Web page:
You may not know it, but you may be one of every three Americans who will sleepwalk during their life.
University of Minnesota Medical School Professor of Neurology Mark Mahowald, M.D. and fellow researchers from across the nation found that 29% of adults will sleepwalk during their lifetime and 3 to 4% of us–or 8.4 million Americans–have sleepwalked in the past year. Mahowald and his colleagues’ findings were published this week in the journal Neurology.
“It was formerly thought that sleepwalking was seen commonly in children but not in adults,” says Mahowald. In reality however, sleepwalking is “very, very prevalent”.
Sleepwalking’s prevalence among the general population is much higher than many medical professionals and members of the community think.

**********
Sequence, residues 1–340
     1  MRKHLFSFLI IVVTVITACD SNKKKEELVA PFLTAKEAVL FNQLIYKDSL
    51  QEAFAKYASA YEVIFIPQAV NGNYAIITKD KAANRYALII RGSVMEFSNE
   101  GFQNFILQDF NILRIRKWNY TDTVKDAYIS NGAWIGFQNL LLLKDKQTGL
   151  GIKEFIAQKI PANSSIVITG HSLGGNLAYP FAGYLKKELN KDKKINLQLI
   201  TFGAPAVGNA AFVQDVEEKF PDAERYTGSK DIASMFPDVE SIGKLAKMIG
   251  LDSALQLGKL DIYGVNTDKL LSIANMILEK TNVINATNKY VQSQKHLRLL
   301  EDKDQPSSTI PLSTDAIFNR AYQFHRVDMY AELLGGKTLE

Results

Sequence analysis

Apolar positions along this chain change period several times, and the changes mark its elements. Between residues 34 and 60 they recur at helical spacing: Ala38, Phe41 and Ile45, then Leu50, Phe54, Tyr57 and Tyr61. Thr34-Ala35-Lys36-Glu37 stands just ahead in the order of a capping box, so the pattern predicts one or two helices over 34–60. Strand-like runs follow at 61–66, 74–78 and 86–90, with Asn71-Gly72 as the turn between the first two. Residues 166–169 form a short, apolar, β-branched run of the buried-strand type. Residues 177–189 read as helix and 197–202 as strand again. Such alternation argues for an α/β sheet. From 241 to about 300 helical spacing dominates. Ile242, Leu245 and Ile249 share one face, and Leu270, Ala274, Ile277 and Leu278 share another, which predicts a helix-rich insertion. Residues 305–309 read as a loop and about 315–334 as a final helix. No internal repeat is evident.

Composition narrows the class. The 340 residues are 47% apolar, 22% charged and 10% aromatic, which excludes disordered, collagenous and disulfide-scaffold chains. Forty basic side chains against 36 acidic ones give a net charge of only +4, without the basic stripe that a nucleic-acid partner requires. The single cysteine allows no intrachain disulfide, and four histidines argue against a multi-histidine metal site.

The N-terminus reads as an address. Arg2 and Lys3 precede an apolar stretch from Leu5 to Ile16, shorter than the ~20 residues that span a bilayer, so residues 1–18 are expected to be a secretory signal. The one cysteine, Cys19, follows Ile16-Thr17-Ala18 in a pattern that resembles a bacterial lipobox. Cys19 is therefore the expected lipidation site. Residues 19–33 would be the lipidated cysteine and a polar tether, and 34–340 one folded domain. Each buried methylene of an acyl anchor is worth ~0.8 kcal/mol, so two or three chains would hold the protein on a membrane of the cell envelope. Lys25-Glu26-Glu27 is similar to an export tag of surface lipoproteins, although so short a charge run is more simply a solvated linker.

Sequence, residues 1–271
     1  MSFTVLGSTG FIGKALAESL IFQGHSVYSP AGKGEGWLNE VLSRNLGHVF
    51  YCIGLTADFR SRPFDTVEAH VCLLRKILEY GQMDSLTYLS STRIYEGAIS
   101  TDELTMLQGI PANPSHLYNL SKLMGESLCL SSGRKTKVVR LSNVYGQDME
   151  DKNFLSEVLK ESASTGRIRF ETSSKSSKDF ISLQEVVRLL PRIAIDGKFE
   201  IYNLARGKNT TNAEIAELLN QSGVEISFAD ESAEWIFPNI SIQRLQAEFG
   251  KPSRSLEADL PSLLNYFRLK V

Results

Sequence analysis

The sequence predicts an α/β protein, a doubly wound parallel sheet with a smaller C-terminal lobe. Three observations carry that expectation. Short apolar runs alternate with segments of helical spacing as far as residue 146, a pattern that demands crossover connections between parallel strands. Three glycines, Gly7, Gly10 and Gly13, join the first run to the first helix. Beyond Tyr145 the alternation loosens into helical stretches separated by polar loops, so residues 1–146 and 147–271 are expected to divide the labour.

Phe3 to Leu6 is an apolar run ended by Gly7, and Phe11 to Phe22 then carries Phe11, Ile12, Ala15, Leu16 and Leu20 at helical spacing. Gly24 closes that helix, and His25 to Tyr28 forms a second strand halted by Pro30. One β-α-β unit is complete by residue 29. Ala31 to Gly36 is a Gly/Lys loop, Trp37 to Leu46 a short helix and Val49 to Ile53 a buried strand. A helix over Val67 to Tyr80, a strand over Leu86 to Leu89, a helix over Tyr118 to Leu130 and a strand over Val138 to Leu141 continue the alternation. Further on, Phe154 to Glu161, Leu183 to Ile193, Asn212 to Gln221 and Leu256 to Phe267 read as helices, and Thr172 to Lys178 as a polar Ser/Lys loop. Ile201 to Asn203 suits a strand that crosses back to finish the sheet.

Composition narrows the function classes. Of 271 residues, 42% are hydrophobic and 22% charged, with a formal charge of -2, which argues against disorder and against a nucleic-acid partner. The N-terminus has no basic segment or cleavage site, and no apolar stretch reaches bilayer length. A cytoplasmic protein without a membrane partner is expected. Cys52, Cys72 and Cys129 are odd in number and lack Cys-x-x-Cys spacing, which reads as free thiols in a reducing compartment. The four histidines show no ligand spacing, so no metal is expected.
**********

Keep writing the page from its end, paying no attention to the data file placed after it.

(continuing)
Because parts of the brain can be awake while other parts are still asleep, the brain is capable of carrying out complicated behaviors (such as sleepwalking) while the conscious mind is still asleep.
While Mahowald and colleagues’ study found that Americans already suffering from sleep disorders such as sleep apnea or insomnia, those taking sleeping pills and those suffering from depression or obsessive-compulsive disorder (OCD) were more likely to sleepwalk than other groups, Mahowald emphasizes that anyone can sleepwalk.
“Initially, it was thought that it was related to psychiatric and psychological problems,” he says. “People don’t want to bring it up because they are afraid they will be told it’s psychiatric. But, clearly, it’s not related to psychiatric problems.”